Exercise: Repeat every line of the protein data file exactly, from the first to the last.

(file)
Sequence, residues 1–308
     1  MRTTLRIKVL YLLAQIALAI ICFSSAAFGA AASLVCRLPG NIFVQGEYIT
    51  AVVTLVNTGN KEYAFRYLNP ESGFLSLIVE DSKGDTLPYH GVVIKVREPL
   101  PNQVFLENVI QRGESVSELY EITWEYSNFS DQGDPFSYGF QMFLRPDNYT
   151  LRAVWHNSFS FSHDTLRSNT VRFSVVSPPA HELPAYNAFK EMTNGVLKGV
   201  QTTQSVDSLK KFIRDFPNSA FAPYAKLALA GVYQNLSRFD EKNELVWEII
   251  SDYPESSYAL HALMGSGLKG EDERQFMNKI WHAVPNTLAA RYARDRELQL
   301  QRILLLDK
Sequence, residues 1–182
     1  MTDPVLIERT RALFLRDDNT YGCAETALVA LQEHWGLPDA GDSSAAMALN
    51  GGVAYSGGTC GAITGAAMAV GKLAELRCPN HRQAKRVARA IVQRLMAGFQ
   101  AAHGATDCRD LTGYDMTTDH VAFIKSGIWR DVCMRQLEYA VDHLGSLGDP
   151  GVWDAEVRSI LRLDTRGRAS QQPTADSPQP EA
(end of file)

Sequence, residues 1–308
     1  MRTTLRIKVL YLLAQIALAI ICFSSAAFGA AASLVCRLPG NIFVQGEYIT
    51  AVVTLVNTGN KEYAFRYLNP ESGFLSLIVE DSKGDTLPYH GVVIKVREPL
   101  PNQVFLENVI QRGESVSELY EITWEYSNFS DQGDPFSYGF QMFLRPDNYT
   151  LRAVWHNSFS FSHDTLRSNT VRFSVVSPPA HELPAYNAFK EMTNGVLKGV
   201  QTTQSVDSLK KFIRDFPNSA FAPYAKLALA GVYQNLSRFD EKNELVWEII
   251  SDYPESSYAL HALMGSGLKG EDERQFMNKI WHAVPNTLAA RYARDRELQL
   301  QRILLLDK
Sequence, residues 1–182
     1  MTDPVLIERT RALFLRDDNT YGCAETALVA LQEHWGLPDA GDSSAAMALN
    51  GGVAYSGGTC GAITGAAMAV GKLAELRCPN HRQAKRVARA IVQRLMAGFQ
   101  AAHGATDCRD LTGYDMTTDH VAFIKSGIWR DVCMRQLEYA VDHLGSLGDP
   151  GVWDAEVRSI LRLDTRGRAS QQPTADSPQP EA